Hello and welcome to the latest weekly cybersecurity re-cap.
Without a doubt the most impactful and concerning story in the last week was the Twitter hack. As of this writing, Twitter has revealed the hackers accessed 36 direct message inboxes, including one for an elected official in the Netherlands.
As Graham Cluely wrote on the Tripwire blog this week, “Reading between the lines, it appears to me that Twitter is trying to reassure the media and US public that the direct messages of Barack Obama and Joe Biden were not compromised during the hack….Twitter has also said that for eight of the targeted accounts, the hackers went a step further and downloaded all account information – through the “Your Twitter data” tool – that includes the email address associated with an account, phone numbers, birthday, profile location, login history, interests and Twitter ads data, list information, accounts you have muted or blocked, direct message archive, and other data.”
As it turns out, Twitter has not been using end-to-end encryption for direct messages. According to this Vice article, a U.S. Senator spoke with Jack Dorsey about this very thing nearly two years ago. Why that step of putting end-to-end encryption in place never took place now has had potentially devastating consequences.
The only upside here is that the Twitter hack will serve as a painful lesson about the critical steps all organizations must take to ensure secure communications and transactions.
That’s all for this week. Thanks for taking the time to read and share this post!
Top Global Security News
CNBC (July 22, 2020) Twitter says private messages accessed in cyber attack
"The hackers who took over the accounts of around 130 people last week in an apparent bitcoin scam were able to access direct messages, Twitter said on Wednesday.
The hackers accessed 36 direct message inboxes, including one for an elected official in the Netherlands, Twitter said. Direct messages are similar to phone text messages, and are generally presumed to be private. The disclosure could cause users to lose faith in the service’s ability to keep confidential messages from being read by outsiders.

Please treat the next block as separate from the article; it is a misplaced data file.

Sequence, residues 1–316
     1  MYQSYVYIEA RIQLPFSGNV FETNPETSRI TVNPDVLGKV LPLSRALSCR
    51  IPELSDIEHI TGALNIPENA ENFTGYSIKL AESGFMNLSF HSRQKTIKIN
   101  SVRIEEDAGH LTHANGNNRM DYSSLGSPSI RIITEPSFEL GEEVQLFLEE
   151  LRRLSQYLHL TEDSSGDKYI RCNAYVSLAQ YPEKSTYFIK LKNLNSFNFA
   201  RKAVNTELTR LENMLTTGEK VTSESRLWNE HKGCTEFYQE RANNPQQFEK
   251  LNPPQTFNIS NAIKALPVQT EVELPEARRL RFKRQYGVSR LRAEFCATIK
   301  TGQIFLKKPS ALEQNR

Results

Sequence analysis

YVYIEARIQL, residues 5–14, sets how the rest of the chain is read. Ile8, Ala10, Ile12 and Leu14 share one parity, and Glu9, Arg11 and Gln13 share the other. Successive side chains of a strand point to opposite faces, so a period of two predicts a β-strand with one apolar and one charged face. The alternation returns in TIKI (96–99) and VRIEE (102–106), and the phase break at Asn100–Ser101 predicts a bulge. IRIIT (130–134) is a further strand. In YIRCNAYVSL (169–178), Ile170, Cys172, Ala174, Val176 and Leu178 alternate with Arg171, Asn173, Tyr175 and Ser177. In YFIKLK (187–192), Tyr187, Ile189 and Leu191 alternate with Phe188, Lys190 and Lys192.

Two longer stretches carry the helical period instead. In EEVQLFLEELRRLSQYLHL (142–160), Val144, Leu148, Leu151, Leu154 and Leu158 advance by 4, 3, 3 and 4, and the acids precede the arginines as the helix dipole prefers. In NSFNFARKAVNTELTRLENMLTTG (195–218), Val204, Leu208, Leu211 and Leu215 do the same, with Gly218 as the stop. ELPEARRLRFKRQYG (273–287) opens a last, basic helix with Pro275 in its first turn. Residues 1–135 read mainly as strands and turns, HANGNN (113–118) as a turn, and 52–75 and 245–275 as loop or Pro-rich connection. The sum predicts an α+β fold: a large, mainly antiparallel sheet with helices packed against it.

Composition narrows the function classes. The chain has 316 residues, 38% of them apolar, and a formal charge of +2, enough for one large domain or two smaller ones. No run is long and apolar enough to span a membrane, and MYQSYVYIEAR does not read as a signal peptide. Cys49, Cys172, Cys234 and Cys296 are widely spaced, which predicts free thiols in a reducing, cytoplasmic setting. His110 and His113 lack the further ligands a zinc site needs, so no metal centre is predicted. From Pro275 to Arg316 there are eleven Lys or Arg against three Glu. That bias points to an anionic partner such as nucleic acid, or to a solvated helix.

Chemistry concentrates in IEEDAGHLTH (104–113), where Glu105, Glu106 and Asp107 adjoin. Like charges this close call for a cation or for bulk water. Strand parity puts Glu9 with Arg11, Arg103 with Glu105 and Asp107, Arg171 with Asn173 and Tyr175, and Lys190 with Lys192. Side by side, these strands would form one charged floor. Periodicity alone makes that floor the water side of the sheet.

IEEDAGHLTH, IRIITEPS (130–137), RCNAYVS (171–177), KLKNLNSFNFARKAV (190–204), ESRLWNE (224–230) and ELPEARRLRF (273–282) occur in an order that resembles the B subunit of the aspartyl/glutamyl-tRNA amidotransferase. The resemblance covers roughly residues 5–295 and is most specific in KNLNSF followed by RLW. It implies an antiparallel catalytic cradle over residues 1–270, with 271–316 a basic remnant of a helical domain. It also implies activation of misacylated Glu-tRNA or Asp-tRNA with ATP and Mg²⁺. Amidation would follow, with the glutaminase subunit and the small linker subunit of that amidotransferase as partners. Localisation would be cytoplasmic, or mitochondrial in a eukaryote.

Twitter’s disclosure on Wednesday complicates an already murky picture about who the hackers were and what they were after."
SC Mag (July 22, 2020) COVID-19 accounts for most 2020 cyberattacks
"The pandemic has served as a catalyst for much of the hacking increases during the first half of 2020, with weekly COVID-19-related phishing attacks growing from under 5,000 in February to more than 200,000 in late April.
All types of cyberattacks were up 34 percent from March to April, according to Check Point’s mid-year report. The attacks included everything from nation-states gathering intelligence about prospective vaccines or disrupting rivals’ handling of the deadly virus to consumers stepping up their online purchases and work-from-home as the new normal.
The World Health Organization experienced a 500 percent increase in attacks."
ZDNet (July 21, 2020) Microsoft Double Key Encryption enters public preview
"Microsoft announced today the first public preview of a new Microsoft 365 security feature named Double Key Encryption.
'Double Key Encryption enables you to protect your highly sensitive data while keeping full control of your encryption key,' Microsoft said today.
'It uses two keys to protect your data - one key in your control, and a second key is stored securely in Microsoft Azure.'"
ZDNet (July 20, 2020) Ransomware gang demands $7.5 million from Argentinian ISP
"A ransomware gang has infected the internal network of Telecom Argentina, one of the country's largest internet service providers, and is now asking for a $7.5 million ransom demand to unlock encrypted files.
The incident took place over the weekend, on Saturday, July 18, and is considered one of Argentina's biggest hacks.
Sources inside the ISP said hackers caused extensive damage to the company's network after they managed to gain control over an internal Domain Admin, from where they spread and installed their ransomware payload to more than 18,000 workstations."
The Bulletin (July 14, 2020) Belgium fines Google €600,000 for data protection breach
"Belgium's data protection authority has fined Google a record €600,000 for failing to comply with a European privacy law commonly known as the 'right to be forgotten'.
The regulator said Google had been 'particularly negligent' when it refused a request to delete links in its search engine to websites containing unproven harassment claims about the complainant, a Belgian public figure.
The 'right to be forgotten' gives EU citizens the power to request that search engines delete sensitive or out-of-date material about them that could harm their reputation."
Other Industry News
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